But on slide two, you can see, I dug up a little bit of historical data to show us where we're at in terms of relative valuation. So I picked three companies that are trading now that we're trading in the previous market, Denison mines, Cameco and Paladin. And we're looking at the enterprise value of the company, which is basically the market cap minus cash plus debt. Most of these companies don't have a lot of debt on the balance sheet anyway, so that's pretty close to the market caps. But I had the historical data for EVE versus their NCT resources. So that's what I went with. So we're looking at the total pounds in the ground in-situ resource, comparing that to the enterprise value of the company, and what that valuation kicks out currently. So right now, Denison mines, for example, with an NCT resource of just over 200 million pounds, and enterprise value of $1.4 billion, they've got an enterprise value versus their pounds at $6.77. Well, in 2006, at $50 uranium, which inflation adjusted is about $76 a pound right now. They were trading at $20, almost $24, EVE to pounds in the ground. And I know this is not a perfect analogy or a perfect comparison to make, but it's about as good as you can get for a company that is not necessarily cash flowing yet and wasn't either back then, it's just looking at relative valuations compared to the previous bull market and what these equities can do when sentiment really gets heated up. And when you actually see a lot of money come into the sector, it's such a small sector it was back then, it still is now. And these things have a long ways to run in my opinion in terms of relative valuation compared to the previous market, looking at Cameco enterprise value of 17 and a half billion a billion pounds in the ground, 1695 EVE to pounds compared to ‘06 $50 A pound 2457 and chemicals about half the price in terms of their valuation versus their NCT resources compared to ‘06. So we're nowhere near an overheated market in terms of valuations for the equities. And the chart right below that that spreadsheet screenshot that I have there, Erik, is showing URA compared to the spot price of uranium, we are literally at the same levels that we saw in the COVID crash for the valuation, the share price of URA compared to the spot price of uranium, of course, there's more outstanding shares right now. So the valuation on balance of that ETF is higher than it was during the COVID crash clearly, but here's a good visual comparison to see where we're at in terms of the equities versus the metal. In my opinion, we're going to have substantial leverage with the equities going forward when the market really heats up, and we're certainly not there yet.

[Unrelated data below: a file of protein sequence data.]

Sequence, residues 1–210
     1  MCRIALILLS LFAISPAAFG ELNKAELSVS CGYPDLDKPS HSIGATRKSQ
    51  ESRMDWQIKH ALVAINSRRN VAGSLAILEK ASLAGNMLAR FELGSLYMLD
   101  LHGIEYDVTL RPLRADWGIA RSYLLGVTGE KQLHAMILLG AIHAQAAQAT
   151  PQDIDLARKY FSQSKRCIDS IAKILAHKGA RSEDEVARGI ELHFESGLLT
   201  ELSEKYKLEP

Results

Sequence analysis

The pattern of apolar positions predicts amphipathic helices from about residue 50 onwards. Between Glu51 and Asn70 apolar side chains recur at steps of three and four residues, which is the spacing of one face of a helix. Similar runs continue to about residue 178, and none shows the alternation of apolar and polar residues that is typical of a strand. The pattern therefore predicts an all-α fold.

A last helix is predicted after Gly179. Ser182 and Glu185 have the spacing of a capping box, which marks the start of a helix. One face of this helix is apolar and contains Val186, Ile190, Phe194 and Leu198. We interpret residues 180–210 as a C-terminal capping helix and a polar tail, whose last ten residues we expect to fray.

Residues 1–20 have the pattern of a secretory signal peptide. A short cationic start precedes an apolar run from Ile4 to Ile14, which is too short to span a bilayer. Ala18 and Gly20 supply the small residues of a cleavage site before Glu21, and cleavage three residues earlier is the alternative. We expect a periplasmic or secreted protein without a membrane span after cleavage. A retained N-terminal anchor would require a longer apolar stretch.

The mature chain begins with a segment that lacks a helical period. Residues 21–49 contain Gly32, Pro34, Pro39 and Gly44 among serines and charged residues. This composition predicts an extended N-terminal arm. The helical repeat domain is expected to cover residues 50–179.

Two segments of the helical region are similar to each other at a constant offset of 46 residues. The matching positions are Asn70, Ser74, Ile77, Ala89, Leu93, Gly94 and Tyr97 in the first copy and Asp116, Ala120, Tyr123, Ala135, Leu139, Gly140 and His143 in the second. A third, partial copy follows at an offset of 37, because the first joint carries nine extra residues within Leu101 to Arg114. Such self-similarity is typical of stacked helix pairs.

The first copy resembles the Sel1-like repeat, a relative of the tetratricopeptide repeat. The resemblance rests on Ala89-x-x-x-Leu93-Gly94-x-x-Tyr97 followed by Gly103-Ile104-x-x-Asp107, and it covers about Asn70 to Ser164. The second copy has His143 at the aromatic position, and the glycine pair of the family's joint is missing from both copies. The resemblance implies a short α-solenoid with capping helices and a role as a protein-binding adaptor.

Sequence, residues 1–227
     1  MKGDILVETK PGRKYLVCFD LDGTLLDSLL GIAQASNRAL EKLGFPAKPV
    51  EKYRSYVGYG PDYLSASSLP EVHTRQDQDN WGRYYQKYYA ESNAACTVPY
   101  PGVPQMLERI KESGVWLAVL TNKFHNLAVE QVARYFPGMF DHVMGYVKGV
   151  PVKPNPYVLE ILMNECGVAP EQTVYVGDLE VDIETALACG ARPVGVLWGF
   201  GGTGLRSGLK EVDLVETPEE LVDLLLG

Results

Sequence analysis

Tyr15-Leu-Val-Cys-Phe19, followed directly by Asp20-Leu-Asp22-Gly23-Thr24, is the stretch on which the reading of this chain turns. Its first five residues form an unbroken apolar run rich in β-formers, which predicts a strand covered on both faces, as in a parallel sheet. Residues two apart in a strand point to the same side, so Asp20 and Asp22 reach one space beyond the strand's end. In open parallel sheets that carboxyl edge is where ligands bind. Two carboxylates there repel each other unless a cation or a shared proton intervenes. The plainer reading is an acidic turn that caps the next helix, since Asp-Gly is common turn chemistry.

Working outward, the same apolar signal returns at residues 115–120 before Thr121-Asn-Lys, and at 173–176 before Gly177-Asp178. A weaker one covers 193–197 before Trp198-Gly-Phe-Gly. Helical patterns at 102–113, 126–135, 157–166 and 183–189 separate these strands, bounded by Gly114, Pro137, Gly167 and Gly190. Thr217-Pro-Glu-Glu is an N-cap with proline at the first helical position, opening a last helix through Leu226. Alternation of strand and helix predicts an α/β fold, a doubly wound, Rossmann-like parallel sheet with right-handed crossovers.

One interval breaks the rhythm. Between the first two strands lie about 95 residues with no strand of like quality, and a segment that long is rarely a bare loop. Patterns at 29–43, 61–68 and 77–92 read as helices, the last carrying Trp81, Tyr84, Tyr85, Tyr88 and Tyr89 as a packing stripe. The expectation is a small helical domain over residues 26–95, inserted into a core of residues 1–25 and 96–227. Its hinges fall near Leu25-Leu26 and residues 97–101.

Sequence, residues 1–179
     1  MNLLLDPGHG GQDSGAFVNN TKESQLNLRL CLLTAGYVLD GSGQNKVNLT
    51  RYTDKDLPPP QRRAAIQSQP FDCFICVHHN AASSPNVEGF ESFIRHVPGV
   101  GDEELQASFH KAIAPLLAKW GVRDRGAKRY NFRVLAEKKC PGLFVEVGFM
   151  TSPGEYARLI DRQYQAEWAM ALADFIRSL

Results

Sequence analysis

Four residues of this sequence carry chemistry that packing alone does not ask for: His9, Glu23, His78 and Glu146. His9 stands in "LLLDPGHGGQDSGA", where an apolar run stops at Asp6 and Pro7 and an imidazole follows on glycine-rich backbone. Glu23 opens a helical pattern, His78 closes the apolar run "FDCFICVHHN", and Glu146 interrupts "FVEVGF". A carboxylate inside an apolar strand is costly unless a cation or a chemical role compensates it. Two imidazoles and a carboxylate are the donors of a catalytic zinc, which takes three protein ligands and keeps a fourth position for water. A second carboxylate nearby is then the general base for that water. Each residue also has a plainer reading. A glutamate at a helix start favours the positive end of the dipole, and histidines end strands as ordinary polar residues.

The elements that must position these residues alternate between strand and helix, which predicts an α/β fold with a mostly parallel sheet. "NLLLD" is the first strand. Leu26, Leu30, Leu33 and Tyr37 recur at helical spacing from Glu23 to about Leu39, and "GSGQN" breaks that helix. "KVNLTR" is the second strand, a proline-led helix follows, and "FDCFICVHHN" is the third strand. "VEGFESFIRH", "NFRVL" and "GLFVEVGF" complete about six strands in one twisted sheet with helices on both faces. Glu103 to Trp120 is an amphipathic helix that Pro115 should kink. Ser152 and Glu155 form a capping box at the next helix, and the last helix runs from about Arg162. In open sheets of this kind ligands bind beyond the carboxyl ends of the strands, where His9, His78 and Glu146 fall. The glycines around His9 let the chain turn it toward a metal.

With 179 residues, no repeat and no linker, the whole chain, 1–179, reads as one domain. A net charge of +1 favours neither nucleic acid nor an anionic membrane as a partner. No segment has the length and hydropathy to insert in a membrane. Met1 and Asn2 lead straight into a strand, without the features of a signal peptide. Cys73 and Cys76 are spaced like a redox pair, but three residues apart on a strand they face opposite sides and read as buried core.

Erik:   It seems to me that what this chart is telling us is that people are speculating that, okay, it must be that uranium is just at an artificially high price, and it's not going to last. In other words, the people that are trading the equities are not really putting faith in the high price of uranium being an indication that that trend is going to continue. They think it's about to blow off or something. I don't see any reason to think that, am I missing something here?